I learned that in order to gain massive momentum in my recovery, I had to get moving! That became my new mantra. I lacked a lot of motivation when I first stepped foot in here, but I soon realized it didn’t mean I couldn’t still do the things I used to love. I am capable. I am capable of so much. It took a lot of practice, but my mood is finally catching up.

I made a promise to myself to never give up no matter what! I wanted things to change, so with the picture of my husband and daughter in my mind, I knew the only way I was going to make that happen was to JUST DO IT! Even if I didn’t feel like it, I made myself do it because it was the right thing for my recovery. If I didn’t change my thoughts and behavior, then things were going to stay exactly as they were, and I definitely didn’t want that! I took my first step, stayed committed to my recovery, and things started becoming easier day by day.

Seven weeks ago, I was crying and screaming on the bathroom floor, begging to die; and now I’m playing flag football and caring for my daughter like I always knew I could. It’s hard to imagine I once thought about taking my own life, and now I would give it away in a heartbeat if it were to benefit my daughter.

I despised the fact that I got Postpartum Depression. I thought, Why me? Why is God punishing me? But now? Now, I see the beauty of this experience and how it has strengthened me. Every day I’m a little bit more of who I want to be. Every day I become a better person; and for that, I am truly grateful.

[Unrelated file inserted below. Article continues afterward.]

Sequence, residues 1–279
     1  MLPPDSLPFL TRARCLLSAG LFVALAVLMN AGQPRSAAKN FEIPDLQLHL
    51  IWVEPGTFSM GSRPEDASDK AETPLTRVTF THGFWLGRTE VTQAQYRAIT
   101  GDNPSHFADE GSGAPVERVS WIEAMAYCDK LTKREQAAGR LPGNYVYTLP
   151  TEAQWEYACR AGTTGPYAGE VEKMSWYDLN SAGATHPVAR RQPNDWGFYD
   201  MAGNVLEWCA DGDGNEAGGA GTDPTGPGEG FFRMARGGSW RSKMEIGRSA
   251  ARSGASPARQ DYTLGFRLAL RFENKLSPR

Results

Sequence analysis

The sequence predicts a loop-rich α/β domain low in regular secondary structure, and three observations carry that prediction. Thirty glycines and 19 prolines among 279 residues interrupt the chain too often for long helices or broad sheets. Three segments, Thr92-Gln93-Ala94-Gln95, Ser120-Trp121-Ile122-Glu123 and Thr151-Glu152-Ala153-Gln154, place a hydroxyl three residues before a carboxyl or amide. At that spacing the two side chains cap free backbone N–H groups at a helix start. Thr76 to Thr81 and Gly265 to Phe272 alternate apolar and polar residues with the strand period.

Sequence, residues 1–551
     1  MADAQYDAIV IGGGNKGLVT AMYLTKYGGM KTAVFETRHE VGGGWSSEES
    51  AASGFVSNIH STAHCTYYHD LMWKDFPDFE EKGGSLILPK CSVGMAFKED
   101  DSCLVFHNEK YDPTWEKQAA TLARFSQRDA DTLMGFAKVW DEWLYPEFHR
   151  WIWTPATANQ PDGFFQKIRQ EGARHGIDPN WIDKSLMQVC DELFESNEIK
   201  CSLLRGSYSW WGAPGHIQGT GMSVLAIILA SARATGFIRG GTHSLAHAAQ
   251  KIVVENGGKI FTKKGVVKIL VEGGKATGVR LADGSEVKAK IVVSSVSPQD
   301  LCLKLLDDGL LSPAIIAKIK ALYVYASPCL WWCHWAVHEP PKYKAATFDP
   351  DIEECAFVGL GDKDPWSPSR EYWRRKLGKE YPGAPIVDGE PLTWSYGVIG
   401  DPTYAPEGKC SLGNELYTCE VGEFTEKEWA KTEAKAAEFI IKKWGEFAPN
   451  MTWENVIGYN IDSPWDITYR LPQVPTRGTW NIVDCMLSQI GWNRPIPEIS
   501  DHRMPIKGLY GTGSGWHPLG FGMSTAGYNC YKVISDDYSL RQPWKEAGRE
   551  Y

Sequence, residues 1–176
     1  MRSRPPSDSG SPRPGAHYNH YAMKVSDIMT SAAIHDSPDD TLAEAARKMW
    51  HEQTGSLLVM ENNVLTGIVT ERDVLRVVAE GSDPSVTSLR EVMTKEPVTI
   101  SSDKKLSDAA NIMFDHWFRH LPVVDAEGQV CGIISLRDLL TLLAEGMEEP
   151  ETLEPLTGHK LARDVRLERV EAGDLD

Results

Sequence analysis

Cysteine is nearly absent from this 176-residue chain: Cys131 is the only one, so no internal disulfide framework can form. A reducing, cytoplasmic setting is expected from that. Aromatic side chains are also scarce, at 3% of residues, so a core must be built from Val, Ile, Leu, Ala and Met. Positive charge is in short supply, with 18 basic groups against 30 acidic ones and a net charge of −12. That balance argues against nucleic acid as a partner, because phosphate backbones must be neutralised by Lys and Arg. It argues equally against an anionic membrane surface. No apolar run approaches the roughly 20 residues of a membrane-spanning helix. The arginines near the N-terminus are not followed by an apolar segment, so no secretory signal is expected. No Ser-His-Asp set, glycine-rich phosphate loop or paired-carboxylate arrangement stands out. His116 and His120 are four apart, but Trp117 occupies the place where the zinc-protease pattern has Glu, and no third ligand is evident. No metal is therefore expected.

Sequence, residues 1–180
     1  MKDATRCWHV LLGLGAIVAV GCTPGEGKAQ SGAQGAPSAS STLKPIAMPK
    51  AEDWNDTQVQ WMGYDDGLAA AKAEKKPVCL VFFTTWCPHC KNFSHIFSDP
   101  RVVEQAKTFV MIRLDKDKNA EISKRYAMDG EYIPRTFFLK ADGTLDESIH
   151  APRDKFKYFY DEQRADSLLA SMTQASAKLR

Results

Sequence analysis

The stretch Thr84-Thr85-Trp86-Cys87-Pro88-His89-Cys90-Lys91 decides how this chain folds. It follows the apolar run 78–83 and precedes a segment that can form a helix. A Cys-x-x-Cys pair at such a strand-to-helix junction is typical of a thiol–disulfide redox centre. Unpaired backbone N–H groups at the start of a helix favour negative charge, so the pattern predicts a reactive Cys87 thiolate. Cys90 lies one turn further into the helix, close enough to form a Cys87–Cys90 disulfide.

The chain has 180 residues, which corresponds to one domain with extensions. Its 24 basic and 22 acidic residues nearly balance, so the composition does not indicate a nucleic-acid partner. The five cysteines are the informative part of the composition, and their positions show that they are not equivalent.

You can’t have a testimony without a test, right?

A fellow patient—a mom, who lost her twenty-six year-old [former soldier & current police officer] son, to a heinous murder as he was called to a robbery, told me I inspired her. Well if that doesn’t humble your heart, I don’t know what will! If she had the courage to dust herself off, then I surely didn’t have any excuses. I could hold my baby in my arms—she no longer could.

Life isn’t always easy. But it sure is worth the fight.

So that’s my story, and I’m stickin’ to it! I’m Katie. A devoted wife, mother, daughter, sister, and friend, who strives to be the best I can be, every day, for all the right reasons.




Katie, a Sunshine State native, created her blog, “Loyal, Loving, & Learning” nearly two years ago to keep family and friends updated on her adventures while supporting her husband (then boyfriend) through Medical School. A lot has happened since then. Six months ago, she & her husband welcomed their first daughter, Emmalyn/”Emmy,” into the world. It was her lifetime dream to become a mommy; & always imagined how wonderful it would be. Little did she know she’d be hit with the “Postpartum Blues”—big time! A nasty case of Postpartum Depression changed her life forever. Besides being a SAHM, Katie is passionate about yoga, dance, spending time with family, and being grateful for every single day.

Blog: “Loyal, Loving, & Learning”


A Surprising and Very Effective Version of Disciplining.

When our kids make a mistake, whether it’s a small infraction or it’s something that sends us through the roof, punishment rarely works. I know, I know – that’s not what you wanted to hear. However, I’m not going to suggest that you have a long, ideological chat with your little one about it, either. There is a fine line between logical consequences and punishment – and it’s all about the tone of voice you use and your follow through. If done consistently and correctly, logical consequences get better results. Here’s just one example:


Four-year-old little sister Prudence is playing nicely with her six Disney princess dolls. Five-year-old, bored Justin comes up, grabs Ariel, throws it/her across the room and snatches Bell. Prudence screams, looks at you with big, sad tears that say, “Please rescue me, Mommy.” You remember how unfair your siblings were to you. You must correct the unbalanced situation. Justin doesn’t care. And to make matters worse, you have spanked him and sent him to his room several times for the same exact action.